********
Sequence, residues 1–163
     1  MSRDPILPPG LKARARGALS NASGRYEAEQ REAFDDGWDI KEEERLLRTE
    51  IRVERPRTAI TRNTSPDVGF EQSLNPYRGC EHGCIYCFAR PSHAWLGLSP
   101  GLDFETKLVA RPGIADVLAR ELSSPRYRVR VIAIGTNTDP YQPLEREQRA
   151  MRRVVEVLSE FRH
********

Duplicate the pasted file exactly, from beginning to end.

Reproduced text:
Sequence, residues 1–163
     1  MSRDPILPPG LKARARGALS NASGRYEAEQ REAFDDGWDI KEEERLLRTE
    51  IRVERPRTAI TRNTSPDVGF EQSLNPYRGC EHGCIYCFAR PSHAWLGLSP
   101  GLDFETKLVA RPGIADVLAR ELSSPRYRVR VIAIGTNTDP YQPLEREQRA
   151  MRRVVEVLSE FRH